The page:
> my @files = <*.txt>;
    > while (<*.txt>) {
    > open (HANDLE, $_) || die ("Can't open $_: $!");
    > while (<HANDLE>) {
    > print; # or something else
    > }
    > }
    > close HANDLE;
    >
    > Anything wrong with this approach?
    >
    > Thank you,
    >
    > Billy
    >


    I found a problem right off... my @files = <*.txt>; only works if I have it
    in the same file directory.

    Billy
     
    Billy, Dec 11, 2004
    #11
  12. "A. Sinan Unur" <> wrote in
    news:Xns95BBC734C48B1asu1cornelledu@132.236.56.8:

    > use File::Spec::Functions 'catfile';


    ....

    > next unless -f $fn && $fn =~ /\.txt$/i;


    Spot the bug! In my defense, I did run the script before posting it, but I
    only ran it in D:/Home. The proper check above should have been:

    next unless -f catfile(DIR, $fn) && $fn =~ /\.txt$/i;

    Sorry.
    --
    A. Sinan Unur
    d
    (remove '.invalid' and reverse each component for email address)
     
    A. Sinan Unur, Dec 11, 2004
    #12
  13. Billy <> wrote:

    > #!/usr/bin/perl
    > use CGI::Carp qw(fatalsToBrowser);
    > use strict;
    > my @files = <*.txt>;
    > while (<*.txt>) {
    > open (HANDLE, $_) || die ("Can't open $_: $!");
    > while (<HANDLE>) {
    > print; # or something else
    > }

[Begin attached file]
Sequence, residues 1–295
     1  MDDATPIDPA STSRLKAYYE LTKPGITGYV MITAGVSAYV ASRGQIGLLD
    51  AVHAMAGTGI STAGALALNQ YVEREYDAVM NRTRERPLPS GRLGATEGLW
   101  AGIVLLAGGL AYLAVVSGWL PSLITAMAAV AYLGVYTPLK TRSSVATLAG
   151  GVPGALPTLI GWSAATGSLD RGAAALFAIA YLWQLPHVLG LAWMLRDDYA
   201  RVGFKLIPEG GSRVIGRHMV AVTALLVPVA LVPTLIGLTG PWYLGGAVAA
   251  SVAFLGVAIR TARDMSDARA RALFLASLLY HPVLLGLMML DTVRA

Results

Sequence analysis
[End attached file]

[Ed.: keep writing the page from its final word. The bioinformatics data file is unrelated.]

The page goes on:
> }
    > close HANDLE;
    >
    > Anything wrong with this approach?



    Yes, your indenting got all messed up.


    --
    Tad McClellan SGML consulting
    Perl programming
    Fort Worth, Texas
     
    Tad McClellan, Dec 11, 2004
    #13
  14. Billy

    Tintin Guest

    "Billy" <> wrote in message
    news:tDsud.173736$V41.53872@attbi_s52...
    >
    > All how about:
    >
    > #!/usr/bin/perl
    > use CGI::Carp qw(fatalsToBrowser);
    > use strict;
    > my @files = <*.txt>;
    > while (<*.txt>) {
    > open (HANDLE, $_) || die ("Can't open $_: $!");
    > while (<HANDLE>) {
    > print; # or something else
    > }
    > }
    > close HANDLE;
    >
    > Anything wrong with this approach?


    You read all filenames into the @files array, but never use it.

    Instead of a while loop, I think a foreach loop looks cleaner, eg:

    foreach my $file (<*.txt>) {
    open FILE, $file or die "Can not open $file $!\n";
    ..
    }
     
    Tintin, Dec 11, 2004
    #14
  15. On 10 Dec 2004 12:42:59 -0800, "foobar" <> wrote:

    >#!/../..perl -w


    Ouch! Quite a strange shebang line!! In particular is your perl
    interpreter really called '..perl'?!? Of course this would work under
    Windows, and also under *NIX (I guess), *if* the script is called with

    perl programname

    >use strict;


    Worth mentioning that with recent enough perls it's better to

    use warnings; # instead of -w

    >$my_txt_dir = ' / .. / .. /someplace';


    Huh?!? Quite a strange path, isn't it? Also, since we're under strict,
    this won't compile at all.

    >my $files_ref = ReadDir ($my_txt_dir);


    Do you really think it is *convenient* (i) to create a dedicated sub
    to be used only *once* and that (ii) really adds only a very thin